Airbus starts MetOp weather satellite testing


The first pair of second-generation weather satellites built by Airbus, MetOp-SG A and B have entered their testing phase

The Airbus built satellite twins, MetOp-SG A and B will provide meteorological data that will substantially improve daily weather forecasts at regional and global levels.

In addition the satellites have multiple instruments on-board for climate monitoring, atmospheric chemistry and other services such as air pollution, hydrology, land use, and oceanography that will help prevent climate change.

MetOp-SG comprises two satellite series, with three units in each series. Flying in a polar orbit, they are able to observe the entire planet in fine detail providing vital information on storms, volcanoes, landslides, wildfires, and other natural events on Earth.

The A series carries optical and atmospheric instruments, essential to identify specific types of clouds from space or determine storm intensity. The B series hosts microwave instruments able to measure through cloud cover to detect precipitation, temperature in different layers of the atmosphere, and surface characteristics like ocean surface winds.

MetOp-SG A final tests

The integration of the first MetOp-SG-A, built at Airbus in Toulouse, France was finalized last October with the installation of the Infrared Atmospheric Sounding Interferometer – New Generation (IASI-NG), the most complex of the satellite’s instruments. Four times more precise than its predecessor, IASI-NG will determine temperature and water vapour profiles in the atmosphere, record ocean surface and land temperatures and monitor a wide range of chemical compounds and other key variables for climate research, including greenhouse gases, desert dust and cloud cover.

IASI-NG will be a powerful tool for weather forecasting and to monitor the climate’s health at any moment in time to secure life and property on Earth. The spacecraft has completed its mechanical tests proving the satellite can withstand the harsh vibrations of launch and the solar panels have been deployed. Next up, the thermal vacuum test in space-like conditions to make sure the spacecraft can operate in space.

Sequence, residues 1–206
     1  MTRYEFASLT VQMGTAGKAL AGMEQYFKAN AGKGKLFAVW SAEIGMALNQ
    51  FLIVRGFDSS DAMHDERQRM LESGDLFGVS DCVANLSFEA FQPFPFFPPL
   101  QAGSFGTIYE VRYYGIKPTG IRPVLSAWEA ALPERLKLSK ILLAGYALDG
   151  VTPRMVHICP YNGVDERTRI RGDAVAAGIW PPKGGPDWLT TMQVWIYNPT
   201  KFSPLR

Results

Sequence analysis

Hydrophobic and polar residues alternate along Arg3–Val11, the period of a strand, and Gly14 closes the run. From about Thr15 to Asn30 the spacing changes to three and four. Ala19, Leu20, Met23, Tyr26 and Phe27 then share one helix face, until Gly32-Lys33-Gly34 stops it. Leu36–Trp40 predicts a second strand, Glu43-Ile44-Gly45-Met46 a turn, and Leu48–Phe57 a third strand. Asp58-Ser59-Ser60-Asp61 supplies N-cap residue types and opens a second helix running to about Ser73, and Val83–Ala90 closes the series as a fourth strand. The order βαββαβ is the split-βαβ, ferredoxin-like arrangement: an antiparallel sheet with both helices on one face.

Integration of MetOp-SG-B was completed last week at Airbus in Friedrichshafen, Germany with the installation of the advanced scatterometer, and the spacecraft is about to undergo its environmental test campaign. This scatterometer provides double the resolution than the previous, and will be used to monitor ocean winds and continental ice sheets, and to check land-surface soil moisture – a key driver of water and heat fluxes between the ground and the atmosphere.

Scatterometers have been used to study unusual weather phenomena such as El Niño, the long-term effects of deforestation and changes in sea-ice masses around the poles. All of which play a central role in monitoring climate change.

Airbus is leading an industrial consortium comprising of more than 110 companies in 16 European countries and Canada for the MetOp-SG missions.

The first launch of the MetOp-SG mission is scheduled for 2025 after completion of satellite level testing.

The nominal operational lifetime of each of the three MetOp-SG satellites is 7.5 years, and will ensure full operational coverage over a 21-year period. MetOp-SG is a cooperative undertaking between the European Space Agency (ESA) and EUMETSAT, the European Organisation for the Exploitation of Meteorological Satellites.

Currently, Earth-observation satellites are at the forefront of monitoring deforestation, rising sea levels and greenhouse gas emissions in the atmosphere, all having a key impact in climate behaviour.  Today, 20 Airbus satellites are involved in climate change monitoring and an additional 20 are in development that will measure key atmospheric constituents, land and sea topography, air quality, temperature and humidity, and snow and ice coverage.

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About Author


Ben has worked as a journalist and editor, covering technology, engineering and industry for the last 20 years. Initially writing about subjects from nuclear submarines to autonomous cars to future design and manufacturing technologies, he was editor of a leading UK-based engineering magazine before becoming editor of Aerospace Testing in 2017.

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